199

I have a variable in my bash script whose value is something like this:

~/a/b/c

Note that it is unexpanded tilde. When I do ls -lt on this variable (call it $VAR), I get no such directory. I want to let bash interpret/expand this variable without executing it. In other words, I want bash to run eval but not run the evaluated command. Is this possible in bash?

How did I manage to pass this into my script without expansion? I passed the argument in surrounding it with double quotes.

Try this command to see what I mean:

ls -lt "~"

This is exactly the situation I am in. I want the tilde to be expanded. In other words, what should I replace magic with to make these two commands identical:

ls -lt ~/abc/def/ghi

and

ls -lt $(magic "~/abc/def/ghi")

Note that ~/abc/def/ghi may or may not exist.

3
  • 6
    You might find Tilde expansion in quotes helpful too. It mostly, but not entirely, avoids using eval. Dec 28, 2014 at 9:21
  • 6
    How did your variable get assigned with an unexpanded tilde? Maybe all that is required is assign that variable with the tilde outside quotes. foo=~/"$filepath" or foo="$HOME/$filepath" Jan 6, 2017 at 23:45
  • dir="$(readlink -f "$dir")"
    – Jack Wasey
    Feb 13, 2020 at 11:51

19 Answers 19

174

If the variable var is input by the user, eval should not be used to expand the tilde using

eval var=$var  # Do not use this!

The reason is: the user could by accident (or by purpose) type for example var="$(rm -rf $HOME/)" with possible disastrous consequences.

A better (and safer) way is to use Bash parameter expansion:

var="${var/#\~/$HOME}"
7
  • 12
    How could you change ~userName/ instead of just ~/ ? Dec 15, 2014 at 22:43
  • 1
    @aspergillusOryzae Good question. Here is a workaround: stackoverflow.com/a/2069835/2173773 Dec 16, 2014 at 7:09
  • 6
    What is the purpose of # in "${var/#\~/$HOME}" ?
    – Jahid
    Jun 2, 2015 at 16:46
  • 8
    @Jahid It is explained in the manual . It forces the tilde to only match at the beginning of $var. Jun 2, 2015 at 17:27
  • 6
    Please edit into your answer the explanation that "${var/#...}" is a special bash syntax to only match at the beginning. With URL. I've used bash for decades but didn't know that one. Also that the possible problem with eval() is malicious code injection.
    – smci
    Oct 10, 2018 at 1:08
112

Due to the nature of StackOverflow, I can't just make this answer unaccepted, but in the intervening 5 years since I posted this there have been far better answers than my admittedly rudimentary and pretty bad answer (I was young, don't kill me).

The other solutions in this thread are safer and better solutions. Preferably, I'd go with either of these two:


Original answer for historic purposes (but please don't use this)

If I'm not mistaken, "~" will not be expanded by a bash script in that manner because it is treated as a literal string "~". You can force expansion via eval like this.

#!/bin/bash

homedir=~
eval homedir=$homedir
echo $homedir # prints home path

Alternatively, just use ${HOME} if you want the user's home directory.

17
  • 3
    Do you have a fix for when the variable has a space in it?
    – Hugo
    Jul 8, 2011 at 13:01
  • 41
    I found ${HOME} most attractive. Is there any reason not to make this your primary recommendation? In any case, thanks!
    – sage
    Sep 5, 2013 at 15:21
  • 2
    @sage No, I'd prefer ${HOME} as well - but my answer was explaining how to do it with ~ like the question was asking.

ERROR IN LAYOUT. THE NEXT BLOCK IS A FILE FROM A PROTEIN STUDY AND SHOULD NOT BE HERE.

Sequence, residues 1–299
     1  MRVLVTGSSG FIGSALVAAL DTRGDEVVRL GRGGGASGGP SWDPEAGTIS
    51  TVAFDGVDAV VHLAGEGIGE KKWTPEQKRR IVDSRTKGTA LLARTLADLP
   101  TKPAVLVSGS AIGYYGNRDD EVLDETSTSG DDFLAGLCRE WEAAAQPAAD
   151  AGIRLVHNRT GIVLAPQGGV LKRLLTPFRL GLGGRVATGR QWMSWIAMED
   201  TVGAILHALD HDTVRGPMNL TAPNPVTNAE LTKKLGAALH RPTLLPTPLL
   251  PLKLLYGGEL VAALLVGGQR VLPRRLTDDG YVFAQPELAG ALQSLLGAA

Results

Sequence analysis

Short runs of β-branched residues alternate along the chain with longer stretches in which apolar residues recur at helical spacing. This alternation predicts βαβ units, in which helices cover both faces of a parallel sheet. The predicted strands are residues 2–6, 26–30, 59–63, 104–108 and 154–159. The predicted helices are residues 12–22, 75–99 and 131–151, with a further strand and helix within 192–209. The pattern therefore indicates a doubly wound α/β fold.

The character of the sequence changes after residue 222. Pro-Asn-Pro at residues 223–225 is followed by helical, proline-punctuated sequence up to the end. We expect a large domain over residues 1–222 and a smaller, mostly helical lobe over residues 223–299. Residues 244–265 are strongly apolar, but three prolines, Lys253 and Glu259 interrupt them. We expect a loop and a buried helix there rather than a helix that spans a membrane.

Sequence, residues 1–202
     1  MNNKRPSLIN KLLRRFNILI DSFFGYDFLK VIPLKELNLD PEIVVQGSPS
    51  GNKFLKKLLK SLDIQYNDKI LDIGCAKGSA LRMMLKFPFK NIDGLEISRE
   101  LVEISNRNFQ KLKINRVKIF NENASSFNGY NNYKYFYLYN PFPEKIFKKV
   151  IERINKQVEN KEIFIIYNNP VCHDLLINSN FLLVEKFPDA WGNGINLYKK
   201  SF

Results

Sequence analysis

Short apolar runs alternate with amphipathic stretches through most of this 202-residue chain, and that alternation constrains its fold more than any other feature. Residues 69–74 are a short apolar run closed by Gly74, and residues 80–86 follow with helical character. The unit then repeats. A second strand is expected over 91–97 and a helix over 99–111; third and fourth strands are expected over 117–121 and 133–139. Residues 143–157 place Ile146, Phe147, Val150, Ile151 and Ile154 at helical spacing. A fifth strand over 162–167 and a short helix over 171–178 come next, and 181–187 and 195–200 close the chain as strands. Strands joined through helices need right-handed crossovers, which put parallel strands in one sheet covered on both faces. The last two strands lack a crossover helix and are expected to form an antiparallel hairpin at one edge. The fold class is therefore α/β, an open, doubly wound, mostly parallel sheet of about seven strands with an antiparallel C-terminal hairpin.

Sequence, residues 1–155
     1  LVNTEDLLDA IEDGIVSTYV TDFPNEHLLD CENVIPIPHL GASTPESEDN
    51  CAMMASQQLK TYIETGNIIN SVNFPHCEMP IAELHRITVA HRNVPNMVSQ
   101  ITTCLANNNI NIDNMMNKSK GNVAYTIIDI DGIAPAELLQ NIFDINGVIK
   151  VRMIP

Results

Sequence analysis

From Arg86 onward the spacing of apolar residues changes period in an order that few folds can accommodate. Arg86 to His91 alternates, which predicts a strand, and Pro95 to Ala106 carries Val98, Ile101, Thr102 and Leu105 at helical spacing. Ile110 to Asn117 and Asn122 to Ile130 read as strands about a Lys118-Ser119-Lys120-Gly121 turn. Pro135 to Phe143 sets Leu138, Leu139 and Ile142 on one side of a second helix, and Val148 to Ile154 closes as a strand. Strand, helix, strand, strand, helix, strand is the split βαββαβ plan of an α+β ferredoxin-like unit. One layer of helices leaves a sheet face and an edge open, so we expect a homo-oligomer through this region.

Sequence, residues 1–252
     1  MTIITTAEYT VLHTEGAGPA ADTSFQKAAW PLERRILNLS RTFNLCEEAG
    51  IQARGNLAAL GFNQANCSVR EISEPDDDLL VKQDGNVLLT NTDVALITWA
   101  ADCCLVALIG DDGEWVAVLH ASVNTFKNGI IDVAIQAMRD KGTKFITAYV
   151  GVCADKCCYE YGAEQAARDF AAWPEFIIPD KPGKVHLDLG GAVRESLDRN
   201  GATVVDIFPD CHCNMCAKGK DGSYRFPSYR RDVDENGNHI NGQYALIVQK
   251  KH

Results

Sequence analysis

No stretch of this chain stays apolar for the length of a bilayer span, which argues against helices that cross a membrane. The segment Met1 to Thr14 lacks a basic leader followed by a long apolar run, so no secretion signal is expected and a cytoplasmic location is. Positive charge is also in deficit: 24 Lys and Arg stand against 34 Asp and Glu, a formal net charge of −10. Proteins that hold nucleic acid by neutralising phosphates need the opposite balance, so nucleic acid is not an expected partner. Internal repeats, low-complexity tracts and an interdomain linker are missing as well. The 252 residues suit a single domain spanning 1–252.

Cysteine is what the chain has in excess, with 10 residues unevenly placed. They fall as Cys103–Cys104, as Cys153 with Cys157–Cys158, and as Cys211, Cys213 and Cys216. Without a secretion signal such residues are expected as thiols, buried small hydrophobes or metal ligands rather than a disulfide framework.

– wkl
    Sep 5, 2013 at 16:22
  • 1
    +1 -- I was needing to expand ~$some_other_user and eval works fine when $HOME will not work because I don't need the current user home.
    – olivecoder
    Sep 10, 2013 at 11:30
  • 16
    Using eval is a horrible suggestion, it's really bad that it gets so many upvotes. You will run into all sorts of problems when the variable's value contains shell meta characters. Aug 31, 2014 at 19:47
30

Plagarizing myself from a prior answer, to do this robustly without the security risks associated with eval:

expandPath() {
  local path
  local -a pathElements resultPathElements
  IFS=':' read -r -a pathElements <<<"$1"
  : "${pathElements[@]}"
  for path in "${pathElements[@]}"; do
    : "$path"
    case $path in
      "~+"/*)
        path=$PWD/${path#"~+/"}
        ;;
      "~-"/*)
        path=$OLDPWD/${path#"~-/"}
        ;;
      "~"/*)
        path=$HOME/${path#"~/"}
        ;;
      "~"*)
        username=${path%%/*}
        username=${username#"~"}
        IFS=: read -r _ _ _ _ _ homedir _ < <(getent passwd "$username")
        if [[ $path = */* ]]; then
          path=${homedir}/${path#*/}
        else
          path=$homedir
        fi
        ;;
    esac
    resultPathElements+=( "$path" )
  done
  local result
  printf -v result '%s:' "${resultPathElements[@]}"
  printf '%s\n' "${result%:}"
}

...used as...

path=$(expandPath '~/hello')

Alternately, a simpler approach that uses eval carefully:

expandPath() {
  case $1 in
    ~[+-]*)
      local content content_q
      printf -v content_q '%q' "${1:2}"
      eval "content=${1:0:2}${content_q}"
      printf '%s\n' "$content"
      ;;
    ~*)
      local content content_q
      printf -v content_q '%q' "${1:1}"
      eval "content=~${content_q}"
      printf '%s\n' "$content"
      ;;
    *)
      printf '%s\n' "$1"
      ;;
  esac
}
26
  • 6
    Looking at your code it looks like you're using a cannon to kill a mosquito. There's got to be a much simpler way..
    – Gino
    Aug 21, 2015 at 13:49
  • 4
    @Gino, there's surely a simpler way; the question is whether there's a simpler way that's also secure. Aug 21, 2015 at 13:56
  • 2
    @Gino, ...I do suppose that one can use printf %q to escape everything but the tilde, and then use eval without risk. Aug 21, 2015 at 13:57
  • 1
    @Gino, ...and so implemented. Aug 21, 2015 at 14:03
  • 4
    Safe, yes, but very much incomplete. My code isn't complex for the fun of it -- it's complex because the actual operations done by tilde expansion are complex. Aug 21, 2015 at 14:14
13

How about this:

path=`realpath "$1"`

Or:

path=`readlink -f "$1"`
9
  • looks nice, but realpath does not exist on my mac. And you would have to write path=$(realpath "$1")
    – Hugo
    Jul 8, 2011 at 11:09
  • Hi @Hugo. You can compile your own realpath command in C. For instance, you can generate an executable realpath.exe using bash and gcc from this command line: gcc -o realpath.exe -x c - <<< $'#include <stdlib.h> \n int main(int c,char**v){char p[9999]; realpath(v[1],p); puts(p);}'. Cheers